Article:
California is on the verge of a major political opportunity – if only the state can seize it. With Kevin McCarthy’s election to Majority Leader of the House of Representatives, California now has both the majority and minority caucus leaders in the House of Representatives coming from the same state: McCarthy from Bakersfield in the Central Valley and San Francisco’s Nancy Pelosi. If the two leaders can actually work together on California issues, there is a huge opportunity for the state to see a reversal in the proportionate decline of Federal money going to it since the early 1990s. California used to be slightly more than even in the dollars sent to the Federal government and those that came back to it. Today, it recoups only 81 cents back for every dollar sent to D.C.
One sign of just how fractured California has been: during the most recent primary, three different northern California counties voted on whether it made sense to secede and form a separate state called “Jefferson.” This is not the first time people have discussed breaking up the nation’s most populous state, nor will it be the last. California is not only incredibly diverse geographically but economically as well. As the Milken Institute report “Mind the Gaps” pinpointed, the variations between the richest and poorest California counties in per capita GDP and educational attainment are far larger than between the richest and poorest American states. One of the key issues that exacerbates this regional distortion is the relative lack of available investment from the Federal government. California is one of the largest “donor states” in the nation, paying to Washington far more than it receives. And when California does attract large shares of Federal money, the dollars tend to be funneled into existing facilities such as the coastal research universities, the two national labs in the Bay Area, the remaining military and defense facilities, and of course NASA.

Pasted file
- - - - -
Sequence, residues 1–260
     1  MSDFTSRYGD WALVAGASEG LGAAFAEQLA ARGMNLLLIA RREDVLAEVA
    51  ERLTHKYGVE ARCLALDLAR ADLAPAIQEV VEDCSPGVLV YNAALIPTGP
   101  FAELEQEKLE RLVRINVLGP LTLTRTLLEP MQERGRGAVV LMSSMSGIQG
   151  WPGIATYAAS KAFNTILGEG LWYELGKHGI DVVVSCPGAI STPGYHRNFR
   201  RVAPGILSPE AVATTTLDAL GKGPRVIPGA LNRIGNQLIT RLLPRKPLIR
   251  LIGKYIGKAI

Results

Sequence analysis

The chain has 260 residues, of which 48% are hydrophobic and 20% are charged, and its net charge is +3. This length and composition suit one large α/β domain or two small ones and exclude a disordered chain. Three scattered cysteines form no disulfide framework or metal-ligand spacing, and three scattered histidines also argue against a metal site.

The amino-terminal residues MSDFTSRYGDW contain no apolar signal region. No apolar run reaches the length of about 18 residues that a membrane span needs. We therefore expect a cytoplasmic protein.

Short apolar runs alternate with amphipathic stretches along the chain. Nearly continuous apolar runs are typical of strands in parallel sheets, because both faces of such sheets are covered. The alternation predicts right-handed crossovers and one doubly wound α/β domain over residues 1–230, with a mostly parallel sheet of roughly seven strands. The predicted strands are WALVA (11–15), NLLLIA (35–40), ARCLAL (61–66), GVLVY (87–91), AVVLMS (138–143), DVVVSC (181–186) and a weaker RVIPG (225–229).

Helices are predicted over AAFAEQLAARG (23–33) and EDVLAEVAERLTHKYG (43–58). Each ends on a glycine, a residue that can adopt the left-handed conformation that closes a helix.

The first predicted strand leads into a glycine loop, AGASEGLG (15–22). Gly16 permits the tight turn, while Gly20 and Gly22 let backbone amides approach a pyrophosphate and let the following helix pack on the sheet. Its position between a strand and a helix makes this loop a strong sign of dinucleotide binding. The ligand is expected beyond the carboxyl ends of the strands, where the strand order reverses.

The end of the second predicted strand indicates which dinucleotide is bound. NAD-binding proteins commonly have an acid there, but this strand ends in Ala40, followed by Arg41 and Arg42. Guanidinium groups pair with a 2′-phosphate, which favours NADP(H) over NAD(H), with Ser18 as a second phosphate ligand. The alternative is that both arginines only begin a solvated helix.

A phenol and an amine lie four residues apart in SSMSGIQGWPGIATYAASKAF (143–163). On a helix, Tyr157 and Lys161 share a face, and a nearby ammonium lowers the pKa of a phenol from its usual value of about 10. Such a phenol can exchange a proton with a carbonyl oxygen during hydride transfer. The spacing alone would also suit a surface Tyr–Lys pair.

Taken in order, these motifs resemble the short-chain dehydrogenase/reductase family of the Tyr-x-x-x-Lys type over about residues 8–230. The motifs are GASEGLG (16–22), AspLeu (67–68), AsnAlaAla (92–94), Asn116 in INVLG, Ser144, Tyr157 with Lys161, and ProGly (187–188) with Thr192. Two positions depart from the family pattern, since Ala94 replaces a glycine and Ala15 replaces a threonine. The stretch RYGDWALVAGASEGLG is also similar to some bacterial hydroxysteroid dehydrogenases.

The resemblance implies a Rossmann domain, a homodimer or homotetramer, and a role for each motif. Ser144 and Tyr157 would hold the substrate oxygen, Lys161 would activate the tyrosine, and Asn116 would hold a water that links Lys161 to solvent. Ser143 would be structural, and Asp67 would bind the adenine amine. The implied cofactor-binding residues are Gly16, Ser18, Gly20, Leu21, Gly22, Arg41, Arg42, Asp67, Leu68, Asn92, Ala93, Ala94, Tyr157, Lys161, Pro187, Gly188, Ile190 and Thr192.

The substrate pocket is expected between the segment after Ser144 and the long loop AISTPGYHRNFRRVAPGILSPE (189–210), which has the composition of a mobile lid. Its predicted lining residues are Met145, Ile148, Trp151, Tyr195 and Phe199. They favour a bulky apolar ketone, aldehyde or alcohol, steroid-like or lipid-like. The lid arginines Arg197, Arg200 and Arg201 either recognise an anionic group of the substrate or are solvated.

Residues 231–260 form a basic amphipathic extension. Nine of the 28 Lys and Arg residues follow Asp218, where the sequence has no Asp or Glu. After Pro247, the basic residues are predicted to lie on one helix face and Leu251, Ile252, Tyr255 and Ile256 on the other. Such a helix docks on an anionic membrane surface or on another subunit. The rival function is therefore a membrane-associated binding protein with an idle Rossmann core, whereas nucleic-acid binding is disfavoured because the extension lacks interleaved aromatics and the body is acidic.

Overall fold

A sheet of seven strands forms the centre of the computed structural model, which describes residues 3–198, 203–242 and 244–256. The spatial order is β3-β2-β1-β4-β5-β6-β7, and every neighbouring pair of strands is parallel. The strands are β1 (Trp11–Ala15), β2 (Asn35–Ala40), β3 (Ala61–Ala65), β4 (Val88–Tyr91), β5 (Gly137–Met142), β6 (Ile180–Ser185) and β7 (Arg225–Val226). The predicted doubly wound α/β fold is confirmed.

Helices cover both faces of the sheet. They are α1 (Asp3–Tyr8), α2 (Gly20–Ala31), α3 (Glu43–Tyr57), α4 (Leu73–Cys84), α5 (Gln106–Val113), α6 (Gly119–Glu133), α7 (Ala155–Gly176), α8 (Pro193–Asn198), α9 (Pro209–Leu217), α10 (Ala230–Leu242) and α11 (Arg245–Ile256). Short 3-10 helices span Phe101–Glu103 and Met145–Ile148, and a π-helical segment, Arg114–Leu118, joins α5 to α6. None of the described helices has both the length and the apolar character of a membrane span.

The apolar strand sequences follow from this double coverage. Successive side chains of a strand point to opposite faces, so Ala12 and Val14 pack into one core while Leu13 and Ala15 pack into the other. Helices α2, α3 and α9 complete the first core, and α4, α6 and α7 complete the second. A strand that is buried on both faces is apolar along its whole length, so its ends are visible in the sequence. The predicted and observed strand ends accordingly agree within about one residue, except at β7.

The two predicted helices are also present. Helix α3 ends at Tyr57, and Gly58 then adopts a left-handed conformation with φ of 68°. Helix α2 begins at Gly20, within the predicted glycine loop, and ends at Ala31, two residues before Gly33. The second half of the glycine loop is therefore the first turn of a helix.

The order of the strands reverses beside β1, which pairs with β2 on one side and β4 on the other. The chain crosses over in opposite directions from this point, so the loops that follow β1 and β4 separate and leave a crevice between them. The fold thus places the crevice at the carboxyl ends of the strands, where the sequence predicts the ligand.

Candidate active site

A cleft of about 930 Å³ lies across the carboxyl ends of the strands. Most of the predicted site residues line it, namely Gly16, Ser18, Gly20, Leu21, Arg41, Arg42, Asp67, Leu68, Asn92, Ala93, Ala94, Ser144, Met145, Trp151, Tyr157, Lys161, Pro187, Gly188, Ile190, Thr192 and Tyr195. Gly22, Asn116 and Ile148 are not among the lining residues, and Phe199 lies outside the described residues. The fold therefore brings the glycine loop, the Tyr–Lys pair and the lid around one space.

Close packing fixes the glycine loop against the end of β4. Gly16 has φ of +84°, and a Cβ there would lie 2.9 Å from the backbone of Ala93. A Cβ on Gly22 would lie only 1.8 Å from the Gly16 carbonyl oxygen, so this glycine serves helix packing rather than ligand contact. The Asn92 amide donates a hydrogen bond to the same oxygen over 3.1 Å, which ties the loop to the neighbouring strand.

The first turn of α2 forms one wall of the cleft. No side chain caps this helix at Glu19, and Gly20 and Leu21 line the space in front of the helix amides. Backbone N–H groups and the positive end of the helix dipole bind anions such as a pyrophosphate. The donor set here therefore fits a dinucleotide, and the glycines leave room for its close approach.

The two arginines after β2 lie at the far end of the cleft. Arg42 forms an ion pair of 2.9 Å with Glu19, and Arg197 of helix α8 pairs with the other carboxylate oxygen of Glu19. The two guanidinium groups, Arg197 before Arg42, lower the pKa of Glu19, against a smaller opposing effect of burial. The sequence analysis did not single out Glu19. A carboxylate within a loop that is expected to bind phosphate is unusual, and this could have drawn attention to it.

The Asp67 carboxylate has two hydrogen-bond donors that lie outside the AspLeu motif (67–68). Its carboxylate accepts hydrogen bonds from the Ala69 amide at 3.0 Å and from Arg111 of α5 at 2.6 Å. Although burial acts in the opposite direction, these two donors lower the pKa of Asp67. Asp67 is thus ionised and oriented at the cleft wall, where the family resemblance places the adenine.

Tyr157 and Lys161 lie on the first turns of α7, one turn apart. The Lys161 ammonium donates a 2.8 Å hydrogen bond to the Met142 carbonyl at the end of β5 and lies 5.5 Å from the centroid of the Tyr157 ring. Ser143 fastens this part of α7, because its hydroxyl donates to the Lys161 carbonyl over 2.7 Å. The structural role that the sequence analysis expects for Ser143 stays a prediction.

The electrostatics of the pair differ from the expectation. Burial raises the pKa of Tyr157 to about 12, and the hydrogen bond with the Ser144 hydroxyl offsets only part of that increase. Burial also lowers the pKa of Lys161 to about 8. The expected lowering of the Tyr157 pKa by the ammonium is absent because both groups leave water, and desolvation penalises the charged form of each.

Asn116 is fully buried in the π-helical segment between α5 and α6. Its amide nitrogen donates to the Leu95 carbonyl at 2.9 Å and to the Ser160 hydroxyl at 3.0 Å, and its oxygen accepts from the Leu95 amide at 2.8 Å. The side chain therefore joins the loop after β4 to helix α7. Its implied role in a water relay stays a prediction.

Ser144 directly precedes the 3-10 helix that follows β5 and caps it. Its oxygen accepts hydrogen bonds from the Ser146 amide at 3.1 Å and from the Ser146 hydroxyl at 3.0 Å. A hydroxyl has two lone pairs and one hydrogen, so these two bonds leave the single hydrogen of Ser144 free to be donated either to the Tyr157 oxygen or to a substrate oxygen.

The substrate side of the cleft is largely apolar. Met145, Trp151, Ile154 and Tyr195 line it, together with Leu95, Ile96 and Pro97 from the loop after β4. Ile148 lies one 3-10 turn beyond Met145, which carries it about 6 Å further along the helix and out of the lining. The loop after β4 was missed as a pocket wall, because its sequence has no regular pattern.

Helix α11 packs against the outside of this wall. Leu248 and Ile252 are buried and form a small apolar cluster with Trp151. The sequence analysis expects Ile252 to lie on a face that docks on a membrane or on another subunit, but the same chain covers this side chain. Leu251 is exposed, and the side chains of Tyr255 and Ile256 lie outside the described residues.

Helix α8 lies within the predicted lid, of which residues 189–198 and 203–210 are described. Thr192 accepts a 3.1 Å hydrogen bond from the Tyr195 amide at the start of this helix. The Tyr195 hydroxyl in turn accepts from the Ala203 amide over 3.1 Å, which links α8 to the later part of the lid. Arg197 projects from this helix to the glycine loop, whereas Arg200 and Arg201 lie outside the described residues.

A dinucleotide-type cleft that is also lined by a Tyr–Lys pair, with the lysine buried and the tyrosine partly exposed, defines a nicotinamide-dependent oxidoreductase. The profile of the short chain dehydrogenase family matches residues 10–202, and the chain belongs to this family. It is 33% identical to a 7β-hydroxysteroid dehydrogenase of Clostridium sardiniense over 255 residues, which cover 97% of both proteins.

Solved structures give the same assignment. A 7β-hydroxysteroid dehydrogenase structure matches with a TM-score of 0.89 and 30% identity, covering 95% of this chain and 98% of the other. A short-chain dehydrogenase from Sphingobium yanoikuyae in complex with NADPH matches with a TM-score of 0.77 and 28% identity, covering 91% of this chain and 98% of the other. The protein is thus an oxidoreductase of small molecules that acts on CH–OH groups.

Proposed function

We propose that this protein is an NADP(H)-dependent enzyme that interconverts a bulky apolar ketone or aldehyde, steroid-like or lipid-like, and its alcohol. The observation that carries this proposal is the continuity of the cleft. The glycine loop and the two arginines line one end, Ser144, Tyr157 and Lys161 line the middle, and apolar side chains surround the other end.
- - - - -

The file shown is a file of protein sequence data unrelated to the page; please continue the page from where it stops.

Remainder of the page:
What happened to California’s congressional delegation and its pull in Washington? Ironically, one of the main problems has been that the state has become politically non-competitive. While California voted Republican in the 1970s and 1980s at the Presidential level, it was highly competitive locally. However, by the late 1980s, the state’s Congressional delegation had fractured into districts that were reliably either Republican or Democratic, and the state’s Senate delegation became significantly reduced in its overall impact. One seat turned over every six years, and the other, held by senior Democrat Alan Cranston, was handicapped by perceived connections to the savings and loan collapse. California suffered severely not only in terms of defense cutbacks and realignments, but also in terms of attracting significant funding for infrastructure. The fact that Rep. Henry Waxman actually blocked funding to extend the Los Angeles Subway for 20 years only worsened the situation. Politicians concerned about seniority in the House saw a diminished need to promote their own state, and the seniority of California’s Senate delegation was swept away.
So what now? Now, for the first time in ages, there is an opportunity to push key items that affect all Californians, such as infrastructure, exports, and yes, even immigration. There are already signs of cooperation on action to deal with the current extreme drought. All California politicians should realize that the benefits of helping the state cross party lines. And that in a state with an open primary, politicians can understand that actively campaigning both for their local constituencies and the state as a whole can pay dividends far larger than being parochial and divisive – both with statewide interest groups and with voters. In the long run, both California and its politicians will benefit from the change.